Donnelson refused to debate Wilcox and Weber County GOP Chair Matt Bell decided to host an event anyway - even after state Republican Party leaders cautioned him against the practice of having incumbents debate their intra-party challengers.
Donnelson, during his years in the Legislature, has focused heavily on illegal immigration. However, Wilcox called Donnelson out of touch with the district's voters. Wilcox surveyed voters and found that energy prices and taxes were at the top of their list, not immigration.
And one more for the road:
Challenger Becky Edwards has toppled Rep. Paul Neuenschwander in southern Davis County's District 20 GOP primary.
Edwards said Neuenschwander's support of school vouchers showed he did not represent the interest of voters in his district. She also questioned him voting for an omnibus education bill.
Neuenschwander questioned whether Edwards was a true Republican and hammered her for voting in the Democratic presidential primary in March.
Edwards is the daughter-in-law of former Brigham Young football coach LaVell Edwards.
So there you have it, high turnout in the Presidential primary in February (thanks Mitt!) but low turnout in June in the GOP primary. Yet four encumbents/establishment favorites went down (one open seat establishment favorite won) the voters of Utah want change in the status quo, whether or not LG Herbert or his buddy AG Shurtleff wants it.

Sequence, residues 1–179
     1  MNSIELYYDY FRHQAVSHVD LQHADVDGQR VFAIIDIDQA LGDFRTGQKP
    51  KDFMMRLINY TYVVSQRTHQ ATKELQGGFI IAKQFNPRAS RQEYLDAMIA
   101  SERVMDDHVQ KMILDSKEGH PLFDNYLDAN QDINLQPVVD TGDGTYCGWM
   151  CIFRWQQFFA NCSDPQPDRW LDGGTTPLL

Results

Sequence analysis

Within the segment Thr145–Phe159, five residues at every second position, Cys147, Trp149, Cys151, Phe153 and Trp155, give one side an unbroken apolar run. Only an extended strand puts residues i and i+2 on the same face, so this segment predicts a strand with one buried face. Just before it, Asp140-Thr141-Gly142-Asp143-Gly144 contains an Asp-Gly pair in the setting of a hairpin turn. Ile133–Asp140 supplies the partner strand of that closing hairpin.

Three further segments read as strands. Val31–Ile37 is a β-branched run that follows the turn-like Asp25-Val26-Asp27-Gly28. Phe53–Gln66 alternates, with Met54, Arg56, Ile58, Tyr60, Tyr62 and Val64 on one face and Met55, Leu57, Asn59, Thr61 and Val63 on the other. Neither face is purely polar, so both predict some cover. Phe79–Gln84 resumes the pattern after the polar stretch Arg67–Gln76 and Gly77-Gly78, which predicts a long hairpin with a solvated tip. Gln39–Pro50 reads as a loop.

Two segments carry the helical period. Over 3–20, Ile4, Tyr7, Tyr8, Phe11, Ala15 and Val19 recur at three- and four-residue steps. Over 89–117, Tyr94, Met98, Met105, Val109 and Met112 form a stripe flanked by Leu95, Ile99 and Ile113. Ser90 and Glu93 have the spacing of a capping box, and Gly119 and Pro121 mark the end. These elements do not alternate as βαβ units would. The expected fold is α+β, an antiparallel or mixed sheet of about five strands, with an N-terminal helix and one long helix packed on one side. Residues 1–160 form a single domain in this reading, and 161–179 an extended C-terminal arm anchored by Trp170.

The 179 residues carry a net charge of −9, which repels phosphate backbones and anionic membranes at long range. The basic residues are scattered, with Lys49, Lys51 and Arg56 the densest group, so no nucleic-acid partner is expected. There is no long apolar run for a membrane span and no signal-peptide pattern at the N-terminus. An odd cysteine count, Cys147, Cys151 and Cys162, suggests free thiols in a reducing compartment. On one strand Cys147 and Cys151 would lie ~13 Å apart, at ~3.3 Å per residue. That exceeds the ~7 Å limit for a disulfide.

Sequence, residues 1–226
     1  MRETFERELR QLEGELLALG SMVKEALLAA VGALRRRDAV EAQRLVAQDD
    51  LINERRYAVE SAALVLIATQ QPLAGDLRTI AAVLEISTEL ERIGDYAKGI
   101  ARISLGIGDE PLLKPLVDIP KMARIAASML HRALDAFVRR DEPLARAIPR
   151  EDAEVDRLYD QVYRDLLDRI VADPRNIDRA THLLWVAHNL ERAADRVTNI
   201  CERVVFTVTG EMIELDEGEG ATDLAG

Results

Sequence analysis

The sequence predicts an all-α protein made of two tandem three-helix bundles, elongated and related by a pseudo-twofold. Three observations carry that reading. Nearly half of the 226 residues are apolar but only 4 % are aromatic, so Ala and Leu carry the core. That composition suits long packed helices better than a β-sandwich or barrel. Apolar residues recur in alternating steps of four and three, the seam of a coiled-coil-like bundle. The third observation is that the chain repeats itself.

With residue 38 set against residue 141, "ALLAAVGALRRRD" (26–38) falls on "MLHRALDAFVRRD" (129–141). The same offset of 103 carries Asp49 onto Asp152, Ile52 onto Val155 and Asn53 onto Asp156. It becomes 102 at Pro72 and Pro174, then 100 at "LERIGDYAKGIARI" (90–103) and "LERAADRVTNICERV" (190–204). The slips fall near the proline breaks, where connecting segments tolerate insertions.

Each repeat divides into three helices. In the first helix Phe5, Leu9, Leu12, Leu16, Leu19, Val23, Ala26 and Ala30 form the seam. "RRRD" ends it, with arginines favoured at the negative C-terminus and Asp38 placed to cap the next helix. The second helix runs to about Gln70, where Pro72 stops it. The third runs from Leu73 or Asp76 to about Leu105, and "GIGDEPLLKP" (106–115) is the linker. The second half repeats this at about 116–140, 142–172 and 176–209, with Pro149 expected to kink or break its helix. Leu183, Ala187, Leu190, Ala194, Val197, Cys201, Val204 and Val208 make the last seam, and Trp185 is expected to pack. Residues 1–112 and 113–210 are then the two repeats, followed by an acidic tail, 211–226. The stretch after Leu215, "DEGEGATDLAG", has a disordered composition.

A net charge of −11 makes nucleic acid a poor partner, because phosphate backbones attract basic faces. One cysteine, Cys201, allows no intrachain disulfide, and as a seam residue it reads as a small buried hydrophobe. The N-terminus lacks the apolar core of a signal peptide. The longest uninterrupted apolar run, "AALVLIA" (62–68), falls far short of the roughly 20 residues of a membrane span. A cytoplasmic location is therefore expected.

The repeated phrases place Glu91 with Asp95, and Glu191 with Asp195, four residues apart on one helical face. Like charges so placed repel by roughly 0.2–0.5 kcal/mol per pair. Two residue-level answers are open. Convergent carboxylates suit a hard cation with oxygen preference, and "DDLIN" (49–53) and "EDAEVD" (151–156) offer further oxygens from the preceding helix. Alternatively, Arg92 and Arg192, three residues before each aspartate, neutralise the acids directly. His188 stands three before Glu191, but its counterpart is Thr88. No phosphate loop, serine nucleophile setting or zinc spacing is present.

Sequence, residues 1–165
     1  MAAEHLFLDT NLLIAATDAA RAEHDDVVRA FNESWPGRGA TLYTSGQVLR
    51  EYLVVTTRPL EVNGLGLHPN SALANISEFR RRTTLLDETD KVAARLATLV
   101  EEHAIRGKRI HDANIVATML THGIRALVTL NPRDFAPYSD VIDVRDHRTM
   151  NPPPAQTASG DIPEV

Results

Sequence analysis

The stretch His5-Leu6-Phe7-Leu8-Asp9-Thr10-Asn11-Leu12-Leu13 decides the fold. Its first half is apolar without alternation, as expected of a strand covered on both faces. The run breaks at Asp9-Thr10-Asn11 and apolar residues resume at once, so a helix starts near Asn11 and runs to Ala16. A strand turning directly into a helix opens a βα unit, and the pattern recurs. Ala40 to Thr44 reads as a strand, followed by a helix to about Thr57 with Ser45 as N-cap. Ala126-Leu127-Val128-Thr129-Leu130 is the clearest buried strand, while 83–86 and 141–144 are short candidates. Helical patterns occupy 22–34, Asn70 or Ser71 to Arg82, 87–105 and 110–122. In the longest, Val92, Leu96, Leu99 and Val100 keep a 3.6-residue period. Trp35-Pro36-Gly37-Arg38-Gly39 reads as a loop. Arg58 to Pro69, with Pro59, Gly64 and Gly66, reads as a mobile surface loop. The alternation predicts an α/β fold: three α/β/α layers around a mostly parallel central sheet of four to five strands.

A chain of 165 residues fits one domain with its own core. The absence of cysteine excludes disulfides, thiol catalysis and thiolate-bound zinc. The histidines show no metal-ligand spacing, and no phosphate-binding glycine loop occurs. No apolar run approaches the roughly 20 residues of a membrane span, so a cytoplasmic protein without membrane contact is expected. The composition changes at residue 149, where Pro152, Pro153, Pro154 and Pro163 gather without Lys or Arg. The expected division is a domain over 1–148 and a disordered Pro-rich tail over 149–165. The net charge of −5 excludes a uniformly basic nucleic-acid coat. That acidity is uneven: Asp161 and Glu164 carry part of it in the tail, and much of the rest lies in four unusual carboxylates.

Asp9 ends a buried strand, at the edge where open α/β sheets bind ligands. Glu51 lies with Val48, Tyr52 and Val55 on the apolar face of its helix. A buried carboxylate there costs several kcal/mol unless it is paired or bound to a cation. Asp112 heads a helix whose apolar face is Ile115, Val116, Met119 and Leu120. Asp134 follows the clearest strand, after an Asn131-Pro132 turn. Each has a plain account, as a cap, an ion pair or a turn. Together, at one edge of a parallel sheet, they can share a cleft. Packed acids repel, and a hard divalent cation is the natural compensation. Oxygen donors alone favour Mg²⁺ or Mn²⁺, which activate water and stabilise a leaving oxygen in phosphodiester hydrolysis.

P.S. Hopefully Shurtleff gets better and they get rid of that nasty infection.

Tuesday, June 24, 2008

moral relativism

(Official Portrait of U.S. Supreme Court Justice Potter Stewart, taken January 28, 1976. Courtesy of Wikipedia/Library of Congress)
"...under the First and Fourteenth Amendments, criminal laws in this area are constitutionally limited to hard core p[0]rn[0]graphy. I shall not today attempt further to define the kinds of material I understand to be embraced within that shorthand description, and perhaps I could never succeed in intelligibly doing so. But I know it when I see it, and the motion picture involved in this case is not that." Jacobellis v. Ohio, 378 U.S. 184, 197 (1964) (Stewart, J., concurring) (emphasis added).

[Ed.--As you have probably noticed, certain "o"s have been replaced with zeros {0} to avoid a negative rating and to keep this site out of unwanted search results, but the human brain will easily dor the necessary corrections]